Assassin’s Creed III PS3
Assassin’s Creed is a franchise that I have not got on well with. In fact, it is more to do with me not fully giving the games a chance. My first experience with the series was with Assassin’s Creed, which came out in 2007. I was fairly hyped for the game, mainly due to the free running aspect, where you could climb pretty much anything you wanted to in the game. I got to the 9th or 10th assassination and just gave up. I did not get on with the tedious and simple combat and I got seriously bored playing the same six events over and over again, since only the assassinations ever added different gameplay mechanics to the mix.
Along came Assassin’s Creed II. Again, the hype for the game was huge and people were saying the problems with repetitiveness were gone. I decided to skip the title as I still had that sour taste from the first game. Assassin’s Creed: Brotherhood came out in 2010, and some were saying this was the best game in the series yet. I decided to give it another shot, but the game just did not click with me after the initial three to four hours. I was told to keep going, but I opted out to play something else I knew I would enjoy. After playing Assassin’s Creed III, I kind of wish I did stick with the series.
If you are like me and don’t fully know what has happened in the story arc, then Assassin’s Creed III does a quick job to bring people up to speed with the plot. It is not deep, but it gives you enough idea to enjoy the story that follows, and with a new character and setting, it makes for a good place to step into if you haven’t yet experienced the series. This instalment follows the tale of Ratonhnhaké:ton, or Connor as he becomes known as, a native American who is trained as an Assassin to get rid of the Colonial Templers and defend his tribe. Desmond is once again the hero in the present time, who is using the animus to jump into memories of his ancestor, and while I don’t want to go over the story too much since a lot of the surprise is seeing what unfolds, I will say that it takes around five hours before you even meet Connor. Interpret that as you wish.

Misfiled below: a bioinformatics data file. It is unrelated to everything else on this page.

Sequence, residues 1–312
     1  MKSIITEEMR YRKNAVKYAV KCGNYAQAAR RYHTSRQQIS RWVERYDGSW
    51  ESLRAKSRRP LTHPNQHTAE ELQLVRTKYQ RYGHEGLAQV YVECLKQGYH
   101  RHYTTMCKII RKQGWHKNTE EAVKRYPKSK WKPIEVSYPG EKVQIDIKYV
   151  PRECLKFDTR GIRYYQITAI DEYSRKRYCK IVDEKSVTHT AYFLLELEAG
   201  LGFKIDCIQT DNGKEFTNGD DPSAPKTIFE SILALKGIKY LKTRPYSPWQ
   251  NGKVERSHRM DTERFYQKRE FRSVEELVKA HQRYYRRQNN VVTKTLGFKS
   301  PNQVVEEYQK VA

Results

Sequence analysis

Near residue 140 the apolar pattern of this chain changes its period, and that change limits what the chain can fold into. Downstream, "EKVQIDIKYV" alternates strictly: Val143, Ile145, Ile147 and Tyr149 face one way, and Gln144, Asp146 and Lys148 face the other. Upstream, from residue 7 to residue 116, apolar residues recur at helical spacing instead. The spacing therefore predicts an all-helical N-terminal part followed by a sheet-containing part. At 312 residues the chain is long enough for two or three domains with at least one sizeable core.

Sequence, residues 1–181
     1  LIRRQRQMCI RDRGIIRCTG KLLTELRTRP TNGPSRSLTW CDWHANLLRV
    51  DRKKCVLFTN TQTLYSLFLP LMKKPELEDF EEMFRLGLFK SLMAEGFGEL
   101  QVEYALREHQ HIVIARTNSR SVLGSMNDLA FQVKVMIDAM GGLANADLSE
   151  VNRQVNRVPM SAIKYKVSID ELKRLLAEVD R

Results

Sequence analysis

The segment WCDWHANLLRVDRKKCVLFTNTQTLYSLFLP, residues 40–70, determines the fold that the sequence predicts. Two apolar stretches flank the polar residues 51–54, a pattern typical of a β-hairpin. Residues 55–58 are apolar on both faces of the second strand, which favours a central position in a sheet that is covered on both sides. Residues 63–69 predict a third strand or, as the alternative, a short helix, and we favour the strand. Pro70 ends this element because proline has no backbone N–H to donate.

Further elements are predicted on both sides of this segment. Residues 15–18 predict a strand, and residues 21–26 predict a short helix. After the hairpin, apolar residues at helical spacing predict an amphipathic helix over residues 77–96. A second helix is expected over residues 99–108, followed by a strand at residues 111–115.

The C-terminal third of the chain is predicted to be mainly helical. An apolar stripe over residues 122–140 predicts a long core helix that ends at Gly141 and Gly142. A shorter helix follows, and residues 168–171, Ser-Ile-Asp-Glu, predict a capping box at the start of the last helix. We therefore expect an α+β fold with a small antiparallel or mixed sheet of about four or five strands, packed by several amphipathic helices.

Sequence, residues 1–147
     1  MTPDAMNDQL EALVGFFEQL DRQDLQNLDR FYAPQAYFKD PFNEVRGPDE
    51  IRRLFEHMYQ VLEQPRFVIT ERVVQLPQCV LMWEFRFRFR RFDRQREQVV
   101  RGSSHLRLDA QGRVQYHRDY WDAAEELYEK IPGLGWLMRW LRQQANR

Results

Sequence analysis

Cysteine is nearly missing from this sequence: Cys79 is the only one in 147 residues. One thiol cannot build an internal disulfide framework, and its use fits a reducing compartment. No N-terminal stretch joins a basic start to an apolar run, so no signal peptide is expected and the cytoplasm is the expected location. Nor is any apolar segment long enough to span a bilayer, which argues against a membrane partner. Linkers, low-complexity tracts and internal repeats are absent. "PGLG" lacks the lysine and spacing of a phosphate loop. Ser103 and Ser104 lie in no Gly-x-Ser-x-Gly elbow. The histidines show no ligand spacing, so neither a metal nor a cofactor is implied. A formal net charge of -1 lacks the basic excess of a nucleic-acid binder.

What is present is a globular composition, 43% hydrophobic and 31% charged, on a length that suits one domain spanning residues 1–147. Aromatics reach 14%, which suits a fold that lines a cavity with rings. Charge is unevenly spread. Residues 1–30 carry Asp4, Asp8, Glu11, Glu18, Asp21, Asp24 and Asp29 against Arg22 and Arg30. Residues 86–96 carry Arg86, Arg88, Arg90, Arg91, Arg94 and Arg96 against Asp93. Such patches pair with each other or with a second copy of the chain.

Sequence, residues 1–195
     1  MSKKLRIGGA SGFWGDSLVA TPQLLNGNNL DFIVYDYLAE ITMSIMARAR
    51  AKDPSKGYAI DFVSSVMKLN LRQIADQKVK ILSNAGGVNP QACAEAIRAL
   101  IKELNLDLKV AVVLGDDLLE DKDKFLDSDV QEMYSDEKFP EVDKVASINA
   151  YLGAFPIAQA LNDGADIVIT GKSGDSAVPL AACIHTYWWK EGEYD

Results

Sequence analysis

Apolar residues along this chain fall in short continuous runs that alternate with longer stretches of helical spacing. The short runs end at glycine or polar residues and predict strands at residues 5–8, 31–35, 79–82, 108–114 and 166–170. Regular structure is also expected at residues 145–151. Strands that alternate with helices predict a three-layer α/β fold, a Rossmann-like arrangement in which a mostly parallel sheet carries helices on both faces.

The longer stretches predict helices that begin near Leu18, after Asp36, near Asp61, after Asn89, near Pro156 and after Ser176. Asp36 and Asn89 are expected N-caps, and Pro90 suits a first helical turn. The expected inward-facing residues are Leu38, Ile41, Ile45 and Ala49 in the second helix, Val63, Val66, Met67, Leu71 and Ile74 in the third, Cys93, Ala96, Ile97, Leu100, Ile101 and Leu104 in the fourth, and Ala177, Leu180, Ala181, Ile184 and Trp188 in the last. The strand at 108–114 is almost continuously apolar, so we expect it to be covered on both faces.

That is one of the slight problems with Assassin’s Creed III: it just takes too long to get going. I liked the idea behind the introduction and what goes on before you meet Connor, but I do wish there was more included in this part rather than having a cutscene, going someplace, doing a little fighting, and repeating, before the game opens up.
The setting for Assassin’s Creed III takes place between 1753 and 1783, and includes the American Revolution, an era which has hardly been touched upon in video games, making it a special setting to experience. Connor will travel across a huge open landscape named the Frontier, while also visiting the cities of Boston and New York and meeting famous historic people, such as George Washington and Benjamin Franklin. Connor will also take part in memorable battles and key points in the American Revolution timeline – for example, commanding armies to fight in the Battle of Bunker Hill or destroying creates of tea in the iconic Boston Tea Party protest. As with past titles, Assassin’s Creed III does well with the history it is portraying, with locations crafted with delicate details to bring them alive, while the use of believable, real-life characters gives a sense that you are in the 18th century.
Assassin’s Creed III‘s world is huge. Truth be told, it is big enough to give some other open-world games a run for their money. This is not limited to what you can explore but what you can also do. There is a varied amount of gameplay mechanics, both new and returning, that are woven into the core of Assassin’s Creed III: some brilliant, some okay and some irritating. One of the new gameplay features that was heavily advertised by Ubisoft are the naval battles, and I found these to be often tense and highly enjoyable.